A model for the benthic-pelagic coupling of silica in estuarine ecosystems: sensitivity analysis and system scale simulation
- Department of Earth Sciences, University of Utrecht, Utrecht, The Netherlands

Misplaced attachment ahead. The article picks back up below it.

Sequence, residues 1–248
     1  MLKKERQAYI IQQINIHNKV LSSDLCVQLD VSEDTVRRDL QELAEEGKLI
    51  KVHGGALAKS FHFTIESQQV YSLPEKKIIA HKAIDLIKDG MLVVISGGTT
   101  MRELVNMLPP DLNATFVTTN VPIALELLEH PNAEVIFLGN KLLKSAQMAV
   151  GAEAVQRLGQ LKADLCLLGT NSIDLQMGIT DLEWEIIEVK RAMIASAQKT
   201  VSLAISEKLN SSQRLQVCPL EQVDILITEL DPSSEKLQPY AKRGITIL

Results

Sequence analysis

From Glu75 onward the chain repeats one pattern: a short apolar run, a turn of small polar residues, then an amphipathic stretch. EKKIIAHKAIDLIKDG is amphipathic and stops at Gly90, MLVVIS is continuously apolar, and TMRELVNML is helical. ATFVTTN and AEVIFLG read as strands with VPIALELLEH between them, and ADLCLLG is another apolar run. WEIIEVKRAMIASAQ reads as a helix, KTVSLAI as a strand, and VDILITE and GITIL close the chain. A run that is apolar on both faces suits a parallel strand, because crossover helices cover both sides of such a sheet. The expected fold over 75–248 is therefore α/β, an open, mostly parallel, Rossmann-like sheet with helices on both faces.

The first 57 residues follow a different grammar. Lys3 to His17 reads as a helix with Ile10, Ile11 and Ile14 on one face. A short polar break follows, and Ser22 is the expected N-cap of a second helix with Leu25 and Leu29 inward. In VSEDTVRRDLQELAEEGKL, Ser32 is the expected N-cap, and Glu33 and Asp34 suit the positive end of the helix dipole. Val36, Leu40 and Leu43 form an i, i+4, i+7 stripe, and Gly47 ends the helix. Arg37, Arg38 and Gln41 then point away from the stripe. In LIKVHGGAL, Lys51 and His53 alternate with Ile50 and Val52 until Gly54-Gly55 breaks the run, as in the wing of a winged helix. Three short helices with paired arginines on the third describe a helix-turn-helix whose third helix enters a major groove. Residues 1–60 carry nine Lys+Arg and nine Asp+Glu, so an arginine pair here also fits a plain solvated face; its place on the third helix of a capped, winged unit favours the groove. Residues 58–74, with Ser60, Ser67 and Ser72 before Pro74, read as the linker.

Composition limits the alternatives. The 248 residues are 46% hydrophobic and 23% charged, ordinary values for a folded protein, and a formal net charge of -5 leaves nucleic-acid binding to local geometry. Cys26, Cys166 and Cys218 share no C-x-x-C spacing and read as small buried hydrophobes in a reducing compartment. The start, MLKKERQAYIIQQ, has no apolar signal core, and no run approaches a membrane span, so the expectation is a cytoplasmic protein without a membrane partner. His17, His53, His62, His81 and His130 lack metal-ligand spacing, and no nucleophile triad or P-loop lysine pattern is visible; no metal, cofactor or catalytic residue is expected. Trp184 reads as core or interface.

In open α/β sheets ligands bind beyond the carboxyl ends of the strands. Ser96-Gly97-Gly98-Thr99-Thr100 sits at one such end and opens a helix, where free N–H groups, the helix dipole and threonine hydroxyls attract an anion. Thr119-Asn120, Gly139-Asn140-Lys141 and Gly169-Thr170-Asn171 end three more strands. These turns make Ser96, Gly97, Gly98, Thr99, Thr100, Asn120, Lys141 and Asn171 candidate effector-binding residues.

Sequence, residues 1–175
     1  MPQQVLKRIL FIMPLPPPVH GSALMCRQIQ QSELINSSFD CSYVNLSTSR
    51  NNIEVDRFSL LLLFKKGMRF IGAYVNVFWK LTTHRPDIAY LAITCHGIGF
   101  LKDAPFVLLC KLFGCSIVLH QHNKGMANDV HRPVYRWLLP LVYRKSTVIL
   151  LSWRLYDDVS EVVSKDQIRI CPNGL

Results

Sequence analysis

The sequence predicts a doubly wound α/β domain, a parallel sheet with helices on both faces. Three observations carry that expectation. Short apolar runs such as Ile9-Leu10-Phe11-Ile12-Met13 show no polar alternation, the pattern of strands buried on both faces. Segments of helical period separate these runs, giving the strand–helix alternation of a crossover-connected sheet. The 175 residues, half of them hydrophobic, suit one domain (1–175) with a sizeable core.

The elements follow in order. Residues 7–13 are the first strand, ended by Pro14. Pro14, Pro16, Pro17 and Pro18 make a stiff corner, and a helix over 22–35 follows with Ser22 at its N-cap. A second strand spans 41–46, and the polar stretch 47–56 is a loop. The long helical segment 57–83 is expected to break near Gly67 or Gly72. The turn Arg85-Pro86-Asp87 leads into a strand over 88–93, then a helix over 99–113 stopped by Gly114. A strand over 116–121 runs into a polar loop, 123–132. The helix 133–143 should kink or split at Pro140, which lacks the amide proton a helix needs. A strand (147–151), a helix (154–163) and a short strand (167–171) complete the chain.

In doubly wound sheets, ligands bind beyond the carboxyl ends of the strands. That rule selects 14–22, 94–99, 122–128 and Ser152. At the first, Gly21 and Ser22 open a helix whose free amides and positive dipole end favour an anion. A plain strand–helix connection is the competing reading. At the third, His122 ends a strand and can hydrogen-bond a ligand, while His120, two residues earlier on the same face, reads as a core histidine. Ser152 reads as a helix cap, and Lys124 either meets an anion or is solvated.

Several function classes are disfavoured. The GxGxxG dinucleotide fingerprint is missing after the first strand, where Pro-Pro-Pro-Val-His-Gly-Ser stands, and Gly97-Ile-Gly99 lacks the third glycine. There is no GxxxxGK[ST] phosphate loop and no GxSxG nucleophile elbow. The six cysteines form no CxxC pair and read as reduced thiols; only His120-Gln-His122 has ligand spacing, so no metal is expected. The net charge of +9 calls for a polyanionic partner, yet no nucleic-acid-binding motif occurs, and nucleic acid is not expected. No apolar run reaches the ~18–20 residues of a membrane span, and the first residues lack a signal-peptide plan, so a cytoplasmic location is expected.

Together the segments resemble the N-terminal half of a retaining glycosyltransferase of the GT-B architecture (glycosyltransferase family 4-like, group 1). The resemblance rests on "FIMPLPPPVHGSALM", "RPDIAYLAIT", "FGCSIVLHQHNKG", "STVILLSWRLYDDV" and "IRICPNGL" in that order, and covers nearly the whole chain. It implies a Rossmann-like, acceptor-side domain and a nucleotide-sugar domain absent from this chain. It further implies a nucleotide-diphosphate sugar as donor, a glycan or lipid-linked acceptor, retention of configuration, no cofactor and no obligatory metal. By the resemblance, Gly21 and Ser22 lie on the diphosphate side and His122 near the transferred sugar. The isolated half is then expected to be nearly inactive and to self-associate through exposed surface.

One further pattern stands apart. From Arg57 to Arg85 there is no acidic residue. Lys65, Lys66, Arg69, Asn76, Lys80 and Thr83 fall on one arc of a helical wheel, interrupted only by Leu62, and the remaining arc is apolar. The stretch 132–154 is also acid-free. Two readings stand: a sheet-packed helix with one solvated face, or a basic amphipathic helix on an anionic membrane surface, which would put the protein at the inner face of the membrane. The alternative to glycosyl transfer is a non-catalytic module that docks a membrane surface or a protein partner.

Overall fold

Abstract. A transient, vertically resolved, analytical model for the early diagenesis of silica has been developed to quantify the importance of benthic-pelagic coupling in estuarine biogeochemical silica cycling. A sensitivity analysis based on Monte-Carlo simulations is carried out to assess the intensity and timing of benthic diffusive fluxes in response to a pelagic diatom bloom. The diffusive flux dynamics are analyzed over a realistic range of dissolution rate constants (max kSi ε [6×10−3–3.6×10−1 d−1]), diffusion coefficients of dissolved silica (DSi ε [35×10−6–35×10−5 m2 d−1]) and duration of dissolved silica depletion in the water column (wPDSI ε [1–3 month]). Results show that the diffusive silica flux responds with a time delay of 20 to 120 days to the biogenic silica deposition pulse. For high max kSi, simulated time lags are shortest and completely determined by the dissolution kinetics. However, decreasing max kSi leads to a slower benthic flux response. In addition, the variability increases due to the increasing importance of transport processes. The sensitivity study also allows us to constrain the uncertainties of a system-scale simulation, where a large number of benthic compartments (>50 000) are coupled to a high-resolution (100×100 m) pelagic model of a macrotidal river and estuary (Western Scheldt, B/NL). The model is applied to a diatom bloom event recorded in 2003, characterized by pelagic silica depletion in August. Benthic processes are mainly modulated by the combined influence of local hydrodynamic conditions and pelagic primary production dynamics, and show therefore a high degree of spatial heterogeneity over short distances. Spatially integrated deposition fluxes and dissolution rates of biogenic silica are high throughout the growth period, with maxima of 1.3×105 mol d−1 (=8.0 mmol m2 d−1) and 7.8×104 mol d−1 (=4.8 mmol m2 d−1) in mid-August. The spatially integrated diffusive flux reaches a maximum of 1.5×104 mol d−1 at the end of a pelagic silica depletion period in September. However, the total amount of dissolved silica released from the estuarine sediments between June and December 2003 is small (2×106 mol) compared to the much higher riverine influx of dissolved silica (5.9×107 mol) and plays a minor role in the pelagic primary production dynamics.